Mississippi Community Colleges Request FY 2017 Funding at the Joint Legislative Budget Hearing

Written By: Finee Ruffin
Email Address: finee.ruffin@jcjc.edu
Date Submitted: 2015-09-24 14:54:56


JACKSON –The 15-member Community and Junior College President’s Association, in conjunction with the Mississippi State Community College Board leadership presented its formal, 2017 fiscal-year budget request to the Joint Legislative Budget Committee Tuesday, September 22.  Armed with the recent ranking as the top community college system in the nation by Wallet Hub, leaders of Mississippi’s 15 community colleges submitted to the Legislative Budget Committee an $82.7 million increase in state funding for FY 2017. That study also shows Mississippi’s community colleges have an excellent return on investment with every dollar invested in community colleges by Mississippi taxpayers, an additional $3.86 is re-invested into the state. 

“If Mississippi community colleges were a company, would you recommend to Warren Buffett that he buy it? The answer, of course, is yes.” said Dr. Jesse Smith, president of Jones County Junior College and chair of the 15-member Mississippi Association of Community and Junior Colleges.

At the hearing, Sen. Terry Burton of Newton, (R-District 31), replied, “You remain the single best bang for every educational dollar the state spends.”

The FY 2017   budget request for community colleges includes $64.5 million be directed to mid-level funding. Mid-level funding was unanimously passed by the 2007 Legislature and brings per-student support at a mid-point between per-student spending for K-12 and regional public universities. The Legislature would need to increase per-student funding by $2,062 to achieve mid-level funding at community colleges.

The request includes $8 million for capital expense funds to repair and renovate facilities and $10.1 million to help fund MI-BEST, Mississippi Integrated Basic Education and Skills Training.

The MI-BEST model bridges the skills gap for higher wage jobs, while equipping high school dropouts with job-ready credentials. Students in the program are concurrently enrolled in Adult Education and Career Pathway programs. MI-BEST also provides a safety net of support services to help adult learners earn employer-recognized credentials.

According to Mississippi Works, Gov. Phil Bryant’s workforce program, there are 35,000 unfilled jobs in the state. In Mississippi, only 55-percent of working-age adults are employed. The President’s Association’s budget request included $20 million in Workforce Training to help address this problem.

“There is a fear that we as Community Colleges will not be able to keep up with workforce demands in our state without an investment in new and innovative programs,” said Dr. Smith.

Community College leaders also expressed concern about rising tuition costs to legislators. Nine of the15-community colleges had to increase tuition in 2015 because of declining support funding. The average, tuition and fees at the state’s community colleges is currently $2,576, which is a 4-percent increase over 2014.

Smith stated, “Mississippi’s Community Colleges are at a critical point in relation to consumer pricing. With additional increases in tuition, we may no longer be an affordable option for students in our communities.”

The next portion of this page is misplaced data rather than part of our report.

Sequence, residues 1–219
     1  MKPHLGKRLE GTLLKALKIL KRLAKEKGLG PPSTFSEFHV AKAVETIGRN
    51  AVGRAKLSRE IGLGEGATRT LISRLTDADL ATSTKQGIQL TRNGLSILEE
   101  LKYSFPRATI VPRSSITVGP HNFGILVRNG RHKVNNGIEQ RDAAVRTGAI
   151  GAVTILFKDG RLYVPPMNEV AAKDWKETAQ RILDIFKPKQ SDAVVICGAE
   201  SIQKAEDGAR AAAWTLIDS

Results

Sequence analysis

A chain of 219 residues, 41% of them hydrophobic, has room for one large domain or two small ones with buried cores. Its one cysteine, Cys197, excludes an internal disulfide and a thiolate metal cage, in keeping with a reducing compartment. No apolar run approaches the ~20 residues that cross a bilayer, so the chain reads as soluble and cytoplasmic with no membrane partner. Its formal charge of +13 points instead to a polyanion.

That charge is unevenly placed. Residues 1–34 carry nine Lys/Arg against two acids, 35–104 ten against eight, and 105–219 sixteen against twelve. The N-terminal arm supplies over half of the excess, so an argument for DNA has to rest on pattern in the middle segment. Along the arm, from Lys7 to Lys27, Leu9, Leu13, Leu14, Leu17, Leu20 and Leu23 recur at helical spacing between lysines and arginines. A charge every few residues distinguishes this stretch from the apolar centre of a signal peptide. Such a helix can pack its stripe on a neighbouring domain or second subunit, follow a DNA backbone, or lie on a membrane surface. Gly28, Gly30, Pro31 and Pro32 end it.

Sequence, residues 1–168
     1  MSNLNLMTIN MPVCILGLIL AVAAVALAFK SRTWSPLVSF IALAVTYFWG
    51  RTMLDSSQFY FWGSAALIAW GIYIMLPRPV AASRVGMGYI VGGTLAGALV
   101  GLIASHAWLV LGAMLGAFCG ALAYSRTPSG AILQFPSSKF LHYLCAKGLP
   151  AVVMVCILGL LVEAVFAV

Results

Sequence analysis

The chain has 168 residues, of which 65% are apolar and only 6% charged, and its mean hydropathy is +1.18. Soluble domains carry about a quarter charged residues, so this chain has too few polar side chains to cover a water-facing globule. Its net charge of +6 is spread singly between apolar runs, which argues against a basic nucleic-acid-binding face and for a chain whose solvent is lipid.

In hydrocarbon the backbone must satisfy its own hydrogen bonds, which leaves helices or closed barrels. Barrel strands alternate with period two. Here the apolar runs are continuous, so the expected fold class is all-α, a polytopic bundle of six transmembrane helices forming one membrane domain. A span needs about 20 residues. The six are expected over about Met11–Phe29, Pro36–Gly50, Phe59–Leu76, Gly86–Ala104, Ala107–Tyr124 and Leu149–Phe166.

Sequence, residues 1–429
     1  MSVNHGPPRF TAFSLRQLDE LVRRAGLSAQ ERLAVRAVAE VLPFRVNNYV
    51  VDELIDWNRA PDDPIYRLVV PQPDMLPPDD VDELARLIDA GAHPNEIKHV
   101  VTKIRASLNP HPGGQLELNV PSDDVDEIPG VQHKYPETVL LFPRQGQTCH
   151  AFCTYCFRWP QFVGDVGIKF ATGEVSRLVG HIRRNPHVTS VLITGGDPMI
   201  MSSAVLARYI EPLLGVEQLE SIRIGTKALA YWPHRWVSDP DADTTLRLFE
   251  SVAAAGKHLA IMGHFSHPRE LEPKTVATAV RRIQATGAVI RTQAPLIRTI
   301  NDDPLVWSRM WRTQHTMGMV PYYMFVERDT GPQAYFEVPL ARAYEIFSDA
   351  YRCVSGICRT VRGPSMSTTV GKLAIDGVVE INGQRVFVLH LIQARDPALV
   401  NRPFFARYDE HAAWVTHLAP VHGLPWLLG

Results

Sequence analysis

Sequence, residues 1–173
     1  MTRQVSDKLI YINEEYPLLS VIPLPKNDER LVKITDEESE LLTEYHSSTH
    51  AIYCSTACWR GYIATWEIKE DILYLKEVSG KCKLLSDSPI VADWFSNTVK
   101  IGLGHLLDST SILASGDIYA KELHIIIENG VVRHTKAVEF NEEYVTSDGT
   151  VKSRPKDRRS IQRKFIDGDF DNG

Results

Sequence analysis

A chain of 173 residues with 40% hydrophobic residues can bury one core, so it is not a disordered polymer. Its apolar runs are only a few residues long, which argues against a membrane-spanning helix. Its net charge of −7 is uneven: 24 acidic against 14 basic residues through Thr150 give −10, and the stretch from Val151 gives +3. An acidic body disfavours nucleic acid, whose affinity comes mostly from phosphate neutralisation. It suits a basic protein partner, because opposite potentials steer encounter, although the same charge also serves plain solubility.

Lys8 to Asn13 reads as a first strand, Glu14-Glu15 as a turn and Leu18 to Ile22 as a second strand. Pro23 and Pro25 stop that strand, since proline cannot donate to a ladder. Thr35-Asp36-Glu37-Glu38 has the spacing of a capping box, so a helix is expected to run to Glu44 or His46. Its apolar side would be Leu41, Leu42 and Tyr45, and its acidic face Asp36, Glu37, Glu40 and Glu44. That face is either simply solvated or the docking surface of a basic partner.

In FY 2016, student tuition and fees accounted for 32-percent of the 15-community colleges’ budgets, compared to 18-percent in FY 2000. With broad education and workforce training missions, the 15 two-year colleges are managing lean budgets to make the path to degrees and certificates more cost-efficient, for both students and the state.

“Our community colleges are at a crossroads to maintain the quality and scope of services that earned us a first place recognition nationally. We must have sufficient resources and support from the Legislature to equip our citizens with the education and skills that provide family sustaining wages,” said Deborah J. Gilbert, interim executive director, Mississippi Community College Board.

Additionally, mid-level funding is a necessity for community colleges because it bolsters faculty resources, where 69-percent of the budget is spent on salaries. Faculty salaries are currently $6,984 below that mid-point target. It will take about $45 million to reach the mid-point salary target. Community college presidents are asking for half of that amount in FY 2017.

The President’s Association also requested $37.5 million per year for a two-year bond bill commitment, similar to the bond commitment made to the university system.

“The community college system maintains 31.9 percent of all square-footage dedicated to public higher education in the state, but it only receives 23.5 percent of the bond funding allocated to higher education,” said Dr. Mary Graham, president of Mississippi Gulf Coast Community College.

At JCJC, Dr. Smith explained, “The majority of facilities built on the Jones campus in the 1970’s, under the leadership of former JCJC President, Dr. Terrell Tisdale has been crucial in the success of our institution. However, the reality is these well used buildings are now in serious need of renovation and repair.”

The Mississippi Association for Community and Junior Colleges funding requests are endorsed by the Mississippi Community College Board, as well as the statewide trustee, alumni and faculty organizations that represent the 15 public two-year colleges.
 

 

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